I agree with James Seng when he points out that ultimately there will be a spectrum of VoIP users and service providers, as there are such for e-mail:

But I dont think this would eliminate telco totally. Looking at Email industry, we have folks setting up their email servers and running their own box, we have people outsourcing their email services, we have people using email address from their ISP and we have Hotmail who provides email services to the rest.

I think e-mail is an interesting thing to model the future of VoIP on, but we must be careful not to take the analogy too far. E-mail was a new application, whereas voice is an application with a well-establish infrastructure. I think there will be room for VoIP service providers in the future, as James points out, but it will not be the only option, as many assume. Like e-mail, people will use a service provider when it adds value for them, and not otherwise. Also, not all service providers will be telco carriers.

2 comments for “Internet Calling Followup

  1. David

    Stepping back for a moment, and this is a genuine question. "Why bother with VOIP in the first place"? If the language isn’t too provocative.

    What is it about voice on the Internet that drives your articles here. I really do want to understand the benefits as you see them.

    My opinion is that VOIP is always going to struggle to make business sense in a mobile world. We can’t expect that mobiles are going to hop over the barrier into a completely connected SIP world – so that’s one major island that isn’t going anywhere soon. We can’t guess when to make calls to mobile users in the hope they’re in a hotspot. Even if you end up with only two islands that can’t interconnect, doesn’t this mean progress will be stymied.

    Is it really all to do with the cost of calling and interconnect? I would imagine that PSTN costs will drop like a stone to nothing just as soon as VOIP manages to get a critical mass to compete.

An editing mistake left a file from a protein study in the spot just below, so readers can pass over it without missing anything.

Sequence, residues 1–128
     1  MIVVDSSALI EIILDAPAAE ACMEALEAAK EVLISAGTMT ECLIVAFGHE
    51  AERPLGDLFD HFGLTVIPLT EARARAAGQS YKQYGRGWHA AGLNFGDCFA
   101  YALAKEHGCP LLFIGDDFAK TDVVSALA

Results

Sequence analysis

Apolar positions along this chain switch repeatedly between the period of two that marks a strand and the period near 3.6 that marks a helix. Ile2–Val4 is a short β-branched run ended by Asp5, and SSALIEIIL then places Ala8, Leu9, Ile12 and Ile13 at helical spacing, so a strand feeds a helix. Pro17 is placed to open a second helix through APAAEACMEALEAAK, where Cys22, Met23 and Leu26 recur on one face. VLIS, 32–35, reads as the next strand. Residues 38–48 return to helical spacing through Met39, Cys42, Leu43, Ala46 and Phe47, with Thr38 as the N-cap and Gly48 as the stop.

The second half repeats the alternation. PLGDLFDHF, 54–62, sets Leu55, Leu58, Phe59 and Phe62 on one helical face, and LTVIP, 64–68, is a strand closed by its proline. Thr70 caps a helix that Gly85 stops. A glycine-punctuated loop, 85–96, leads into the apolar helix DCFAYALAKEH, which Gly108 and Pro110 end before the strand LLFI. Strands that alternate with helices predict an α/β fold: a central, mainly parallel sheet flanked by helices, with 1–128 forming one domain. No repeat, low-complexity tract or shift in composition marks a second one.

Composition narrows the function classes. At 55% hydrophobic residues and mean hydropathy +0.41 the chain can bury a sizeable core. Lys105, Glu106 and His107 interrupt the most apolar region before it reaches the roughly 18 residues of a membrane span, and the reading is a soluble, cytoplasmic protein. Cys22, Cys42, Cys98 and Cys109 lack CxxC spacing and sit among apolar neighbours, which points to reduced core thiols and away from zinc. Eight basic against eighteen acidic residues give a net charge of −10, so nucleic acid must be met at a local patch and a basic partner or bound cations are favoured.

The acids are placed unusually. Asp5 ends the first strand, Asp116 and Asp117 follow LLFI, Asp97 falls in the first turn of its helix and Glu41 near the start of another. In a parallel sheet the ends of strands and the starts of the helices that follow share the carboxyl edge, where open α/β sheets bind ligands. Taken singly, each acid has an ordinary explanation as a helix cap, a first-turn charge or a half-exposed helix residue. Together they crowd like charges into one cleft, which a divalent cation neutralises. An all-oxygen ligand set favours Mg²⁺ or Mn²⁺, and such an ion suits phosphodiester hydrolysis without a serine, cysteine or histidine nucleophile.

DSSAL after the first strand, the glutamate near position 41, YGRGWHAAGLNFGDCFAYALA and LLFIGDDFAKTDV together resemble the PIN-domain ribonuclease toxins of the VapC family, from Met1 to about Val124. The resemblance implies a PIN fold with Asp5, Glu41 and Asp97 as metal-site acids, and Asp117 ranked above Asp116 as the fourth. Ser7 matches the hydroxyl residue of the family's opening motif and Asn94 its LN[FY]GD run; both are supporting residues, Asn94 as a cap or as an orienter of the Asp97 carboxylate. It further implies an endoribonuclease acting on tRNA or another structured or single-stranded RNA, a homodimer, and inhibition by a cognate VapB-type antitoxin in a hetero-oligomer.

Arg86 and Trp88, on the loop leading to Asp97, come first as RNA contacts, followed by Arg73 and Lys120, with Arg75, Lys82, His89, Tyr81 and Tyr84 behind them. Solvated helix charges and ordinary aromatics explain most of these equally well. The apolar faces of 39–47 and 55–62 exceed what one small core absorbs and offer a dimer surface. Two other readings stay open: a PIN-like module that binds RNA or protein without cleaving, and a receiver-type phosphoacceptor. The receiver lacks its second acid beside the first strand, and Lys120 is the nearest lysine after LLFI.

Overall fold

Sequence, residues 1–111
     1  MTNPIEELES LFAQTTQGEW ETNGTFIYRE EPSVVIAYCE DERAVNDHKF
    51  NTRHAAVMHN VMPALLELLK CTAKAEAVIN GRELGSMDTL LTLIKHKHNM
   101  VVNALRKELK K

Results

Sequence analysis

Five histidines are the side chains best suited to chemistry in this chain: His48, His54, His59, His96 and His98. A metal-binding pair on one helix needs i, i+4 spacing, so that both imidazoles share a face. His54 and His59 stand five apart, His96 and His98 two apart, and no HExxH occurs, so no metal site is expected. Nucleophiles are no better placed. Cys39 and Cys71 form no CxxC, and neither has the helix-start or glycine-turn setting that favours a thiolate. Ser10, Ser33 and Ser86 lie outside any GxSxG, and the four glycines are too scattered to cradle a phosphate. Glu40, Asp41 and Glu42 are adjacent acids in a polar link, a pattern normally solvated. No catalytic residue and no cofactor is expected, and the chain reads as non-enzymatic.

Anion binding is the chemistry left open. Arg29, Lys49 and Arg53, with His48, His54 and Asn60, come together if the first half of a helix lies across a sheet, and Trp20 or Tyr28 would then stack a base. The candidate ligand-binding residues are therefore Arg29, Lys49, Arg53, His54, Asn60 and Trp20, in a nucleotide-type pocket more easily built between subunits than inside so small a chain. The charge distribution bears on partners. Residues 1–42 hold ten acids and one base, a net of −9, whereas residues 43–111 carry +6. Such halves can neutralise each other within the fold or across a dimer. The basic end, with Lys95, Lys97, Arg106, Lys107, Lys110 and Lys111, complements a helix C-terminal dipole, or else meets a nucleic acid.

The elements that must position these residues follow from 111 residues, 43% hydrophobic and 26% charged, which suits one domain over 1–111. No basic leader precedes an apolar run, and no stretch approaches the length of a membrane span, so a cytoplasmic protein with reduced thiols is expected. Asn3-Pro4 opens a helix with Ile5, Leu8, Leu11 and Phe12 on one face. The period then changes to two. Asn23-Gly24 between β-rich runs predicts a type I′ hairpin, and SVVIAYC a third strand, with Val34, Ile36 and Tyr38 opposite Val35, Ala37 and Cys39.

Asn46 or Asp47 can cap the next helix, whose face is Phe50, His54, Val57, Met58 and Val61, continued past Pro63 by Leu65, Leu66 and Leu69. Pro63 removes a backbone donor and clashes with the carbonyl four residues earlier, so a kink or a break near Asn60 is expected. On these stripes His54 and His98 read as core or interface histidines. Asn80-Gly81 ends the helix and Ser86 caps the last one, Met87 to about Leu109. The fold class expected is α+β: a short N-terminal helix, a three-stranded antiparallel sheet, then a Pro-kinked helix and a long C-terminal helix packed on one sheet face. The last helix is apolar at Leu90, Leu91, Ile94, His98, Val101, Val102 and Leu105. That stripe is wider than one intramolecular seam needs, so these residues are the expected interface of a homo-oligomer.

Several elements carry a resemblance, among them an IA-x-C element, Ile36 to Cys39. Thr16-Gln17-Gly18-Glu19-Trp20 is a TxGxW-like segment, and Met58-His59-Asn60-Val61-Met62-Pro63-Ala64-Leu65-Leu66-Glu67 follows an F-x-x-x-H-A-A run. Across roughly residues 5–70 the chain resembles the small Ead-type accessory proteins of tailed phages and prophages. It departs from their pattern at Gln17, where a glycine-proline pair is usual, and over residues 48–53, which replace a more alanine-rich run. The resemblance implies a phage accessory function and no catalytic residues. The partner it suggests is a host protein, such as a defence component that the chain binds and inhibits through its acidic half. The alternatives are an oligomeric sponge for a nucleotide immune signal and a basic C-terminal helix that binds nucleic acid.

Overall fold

Is it the fact that Telco’s are middle men creaming some and that just makes you mad?

    I hope I haven’t completely missed something blindingly obvious. Regards Matt

  2. What irked my about these so-called VoIP services back in 2003 when I wrote this article was how they were being touted as so revolutionary when they really weren’t.

    In terms of "Why VoIP" it is a valid question and we have seen some long-time VoIP supporters like Tom Evslin and Martin Geddes jump off the VoIP bandwagon.

    In 2003, I was talking about making voice communications work like email, where some day everyone has a VoIP address, in the same way that we pretty much assume people have email addresses today. In this case, the economics of Voice communications work like email economics, which totally changes the way people communicate. It also represents $300 billion in the US and $600 billion worldwide in money people don’t have to give away to telecos for services we don’t need. This is still an interesting vision, but one that has received very little traction to date (exceptions are Gizmo, FWD, and to an extent Truphone, in terms of commercial services)

    In a more recent post, I describe how I use VoIP daily today in 2007, providing one version of the answer to "Why VoIP":